NEA Celebrates 40 Years at the NASAA Conference

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NNEA Chairman Dana Gioia admiring a Shakespeare doll haded to him by NASAA CEO Jonathan Katz

NASAA President Jonathan Katz presents a Shakespeare doll to NEA Chairman Dana Gioia.

From the historic stage of the Egyptian Theatre in Boise, Idaho, NEA Chairman Dana Gioia told the audience, "We're here to celebrate the 40th anniversary of the Arts Endowment with family." That family is the National Assembly of State Arts Agencies (NASAA). In Boise, NASAA's annual conference was dedicated to "Shaping Cultural Landscapes" - and it was here that the NEA's cultural legacy was celebrated, as well as the federal-state partnerships that bind the two organizations together.

A Short History of the State Arts Agencies

When the NEA was created in 1965, the partnership between federal and state arts agencies was born. In addition to its own direct grants, the Arts Endowment began to fund state arts agencies, allowing them to disperse federal funding to state and local arts organizations. The only problem was that, in 1965, only a few SAAs existed. Those states wishing to get federal money had to create their own arts agency, and fund it.

Today, there are 56 state arts agencies, including all the states and six territories. In 2000 alone, they sponsored the work of over 2 million artists and nearly 16,000 nonprofit arts organizations. Forty years after the NEA was founded, SAAs provide more than half of all public-sector funding for the arts in America.

In a taped video message, Mrs. Laura Bush commended the work of the conference participants: "What all of you do on the state level, in partnership with the National Endowment for the Arts, is of vital importance to the future of America's cultural landscape."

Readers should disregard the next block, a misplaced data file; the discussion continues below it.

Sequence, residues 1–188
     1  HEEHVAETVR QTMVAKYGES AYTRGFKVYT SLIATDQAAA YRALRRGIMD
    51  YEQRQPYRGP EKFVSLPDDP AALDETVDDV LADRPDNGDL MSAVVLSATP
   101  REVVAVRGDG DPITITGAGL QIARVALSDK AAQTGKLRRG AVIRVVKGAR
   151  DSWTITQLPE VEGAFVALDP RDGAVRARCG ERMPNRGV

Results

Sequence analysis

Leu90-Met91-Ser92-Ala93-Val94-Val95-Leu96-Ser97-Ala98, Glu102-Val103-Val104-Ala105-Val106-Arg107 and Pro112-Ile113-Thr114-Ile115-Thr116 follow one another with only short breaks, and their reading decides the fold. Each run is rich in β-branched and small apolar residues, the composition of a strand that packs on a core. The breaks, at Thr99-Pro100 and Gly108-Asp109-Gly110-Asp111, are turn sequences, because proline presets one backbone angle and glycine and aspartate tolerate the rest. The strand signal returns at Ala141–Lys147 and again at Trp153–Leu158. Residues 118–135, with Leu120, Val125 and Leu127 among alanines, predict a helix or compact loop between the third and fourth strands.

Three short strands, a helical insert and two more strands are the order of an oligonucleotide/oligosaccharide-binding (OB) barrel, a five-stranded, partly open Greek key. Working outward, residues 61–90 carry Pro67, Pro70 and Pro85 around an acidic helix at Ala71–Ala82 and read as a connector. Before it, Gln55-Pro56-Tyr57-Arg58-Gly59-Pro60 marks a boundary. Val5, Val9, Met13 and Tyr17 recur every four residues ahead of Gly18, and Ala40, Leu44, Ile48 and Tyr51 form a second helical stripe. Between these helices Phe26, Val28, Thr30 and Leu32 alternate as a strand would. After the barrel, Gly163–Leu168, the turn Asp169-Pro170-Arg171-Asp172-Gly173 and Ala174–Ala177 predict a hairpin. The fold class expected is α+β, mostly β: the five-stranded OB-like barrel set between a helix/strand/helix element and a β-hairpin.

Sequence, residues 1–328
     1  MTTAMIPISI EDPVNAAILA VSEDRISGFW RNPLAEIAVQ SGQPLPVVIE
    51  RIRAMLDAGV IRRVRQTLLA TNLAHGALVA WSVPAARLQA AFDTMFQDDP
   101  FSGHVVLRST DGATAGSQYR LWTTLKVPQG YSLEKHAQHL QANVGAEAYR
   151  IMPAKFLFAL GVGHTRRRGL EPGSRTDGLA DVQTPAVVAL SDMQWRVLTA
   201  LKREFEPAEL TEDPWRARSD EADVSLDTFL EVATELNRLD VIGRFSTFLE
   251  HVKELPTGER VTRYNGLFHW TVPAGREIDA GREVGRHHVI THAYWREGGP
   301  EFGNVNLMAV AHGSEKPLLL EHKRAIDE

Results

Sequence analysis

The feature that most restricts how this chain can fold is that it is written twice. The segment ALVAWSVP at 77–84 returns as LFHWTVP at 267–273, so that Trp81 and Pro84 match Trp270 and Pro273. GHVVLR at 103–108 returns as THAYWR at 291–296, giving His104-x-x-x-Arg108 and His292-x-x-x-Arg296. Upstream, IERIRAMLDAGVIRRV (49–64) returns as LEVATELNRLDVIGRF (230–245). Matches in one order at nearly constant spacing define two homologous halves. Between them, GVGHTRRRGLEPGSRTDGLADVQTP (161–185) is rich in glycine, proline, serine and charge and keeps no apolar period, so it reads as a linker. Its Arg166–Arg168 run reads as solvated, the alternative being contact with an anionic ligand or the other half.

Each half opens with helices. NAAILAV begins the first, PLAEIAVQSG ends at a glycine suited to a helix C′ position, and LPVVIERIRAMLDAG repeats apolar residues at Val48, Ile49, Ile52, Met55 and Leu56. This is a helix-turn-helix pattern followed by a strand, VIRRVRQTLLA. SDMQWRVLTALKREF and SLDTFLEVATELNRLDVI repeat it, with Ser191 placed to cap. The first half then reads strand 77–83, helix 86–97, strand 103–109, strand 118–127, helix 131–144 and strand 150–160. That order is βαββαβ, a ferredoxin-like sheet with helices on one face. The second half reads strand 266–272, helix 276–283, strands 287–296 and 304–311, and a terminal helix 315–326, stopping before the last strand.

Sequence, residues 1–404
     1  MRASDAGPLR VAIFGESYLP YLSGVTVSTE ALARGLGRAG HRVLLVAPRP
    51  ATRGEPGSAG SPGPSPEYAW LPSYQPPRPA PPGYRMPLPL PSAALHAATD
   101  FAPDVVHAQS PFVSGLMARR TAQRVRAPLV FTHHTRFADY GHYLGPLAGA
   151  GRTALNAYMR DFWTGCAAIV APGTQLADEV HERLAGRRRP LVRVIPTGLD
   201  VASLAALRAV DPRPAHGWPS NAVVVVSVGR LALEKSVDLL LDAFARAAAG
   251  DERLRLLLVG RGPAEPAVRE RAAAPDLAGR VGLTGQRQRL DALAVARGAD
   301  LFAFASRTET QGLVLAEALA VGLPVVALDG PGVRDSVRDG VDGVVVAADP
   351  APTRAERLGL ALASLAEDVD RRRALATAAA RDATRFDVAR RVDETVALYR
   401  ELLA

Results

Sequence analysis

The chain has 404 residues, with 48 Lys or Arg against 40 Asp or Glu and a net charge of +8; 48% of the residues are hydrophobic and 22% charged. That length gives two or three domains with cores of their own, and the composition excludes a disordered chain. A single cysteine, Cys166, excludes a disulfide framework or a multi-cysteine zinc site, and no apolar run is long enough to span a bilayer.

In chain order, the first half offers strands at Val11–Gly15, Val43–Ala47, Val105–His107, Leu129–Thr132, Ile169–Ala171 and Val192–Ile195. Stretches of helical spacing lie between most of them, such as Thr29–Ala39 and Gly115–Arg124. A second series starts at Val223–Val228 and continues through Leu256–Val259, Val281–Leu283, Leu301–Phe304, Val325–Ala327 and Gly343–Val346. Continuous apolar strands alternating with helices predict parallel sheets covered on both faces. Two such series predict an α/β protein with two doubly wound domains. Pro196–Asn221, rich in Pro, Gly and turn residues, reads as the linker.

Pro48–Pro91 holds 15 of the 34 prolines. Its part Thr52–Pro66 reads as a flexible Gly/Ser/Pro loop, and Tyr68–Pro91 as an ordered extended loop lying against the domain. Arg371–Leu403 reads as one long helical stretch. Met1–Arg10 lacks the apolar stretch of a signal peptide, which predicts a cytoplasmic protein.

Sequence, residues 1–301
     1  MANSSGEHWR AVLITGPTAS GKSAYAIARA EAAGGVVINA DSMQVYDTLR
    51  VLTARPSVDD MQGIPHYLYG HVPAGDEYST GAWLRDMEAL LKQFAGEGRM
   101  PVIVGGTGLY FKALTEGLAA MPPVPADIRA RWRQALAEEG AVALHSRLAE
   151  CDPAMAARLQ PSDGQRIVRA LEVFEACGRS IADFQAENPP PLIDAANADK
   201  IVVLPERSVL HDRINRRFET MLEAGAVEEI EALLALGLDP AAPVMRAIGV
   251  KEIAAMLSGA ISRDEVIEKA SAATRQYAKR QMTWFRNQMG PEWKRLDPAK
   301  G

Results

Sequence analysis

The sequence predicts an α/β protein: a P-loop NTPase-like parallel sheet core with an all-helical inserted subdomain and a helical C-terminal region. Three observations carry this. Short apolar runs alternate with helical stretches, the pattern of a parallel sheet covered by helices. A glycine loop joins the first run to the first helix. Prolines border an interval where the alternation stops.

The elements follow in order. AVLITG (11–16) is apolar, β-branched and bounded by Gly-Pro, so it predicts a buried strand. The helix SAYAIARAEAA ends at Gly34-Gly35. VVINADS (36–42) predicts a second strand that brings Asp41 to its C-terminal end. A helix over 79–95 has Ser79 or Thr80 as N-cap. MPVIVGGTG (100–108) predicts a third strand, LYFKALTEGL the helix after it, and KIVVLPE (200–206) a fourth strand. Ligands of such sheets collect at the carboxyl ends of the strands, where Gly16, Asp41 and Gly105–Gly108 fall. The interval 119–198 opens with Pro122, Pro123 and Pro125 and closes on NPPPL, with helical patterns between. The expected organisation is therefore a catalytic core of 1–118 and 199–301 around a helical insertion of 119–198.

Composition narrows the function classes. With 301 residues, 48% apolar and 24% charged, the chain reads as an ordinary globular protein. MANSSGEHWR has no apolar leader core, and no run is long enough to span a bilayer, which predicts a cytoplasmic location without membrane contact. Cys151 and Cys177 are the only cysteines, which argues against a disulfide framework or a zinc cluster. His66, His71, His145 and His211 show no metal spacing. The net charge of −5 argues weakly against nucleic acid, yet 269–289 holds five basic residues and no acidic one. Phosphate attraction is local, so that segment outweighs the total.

All 50 states were represented at the Boise conference. Faced with the recent devastation of Hurricane Katrina, NEA Chairman Dana Gioia convened conference members from affected states, and joined with them in creating an action plan to deal with the losses in the artistic community. Rebuilding arts organizations is vitally important to the local economies of the Gulf Coast region, Chairman Gioia insisted: "People have to recognize that the arts are a major industry and need to be at the table for the recovery plan. There is no way for these local economies to recover unless we invest in the cultural life. Culture was Louisiana's second-biggest industry, right after health care. These organizations have suffered enormous losses."

Idaho Rising

The Idaho Commission on the Arts hosted the NASAA conference, and showcased Boise's varied and vibrant arts culture. Indeed, Idaho's putting its stamp on the arts on a national level. Idaho Senator Larry Craig co-sponsored an amendment that resulted in a $5 million increase in funding for the National Endowment for the Arts. The managing director of the Idaho Shakespeare Festival,Mark Hofflund, was nominated to serve on the National Council on the Arts that advises the NEA. Dan Harpole, the executive director of the Idaho Commission on the Arts, will soon become the president of the board for NASAA.

The conference came to a close with a September 11th gathering at the Idaho Anne Frank Human Rights Memorial, where NEA Chairman Gioia recited W. H. Auden's "September 1, 1939." Boise Mayor Dave Bieter also spoke, followed by Cherie Buckner and the Celebration Choir. The crowd stood and listened near the Quote Wall, 180 feet of messages from poets, presidents, philosophers, and children inscribed side by side. Anne Frank's words are here too: "In spite of everything, I still believe that people are truly good at heart."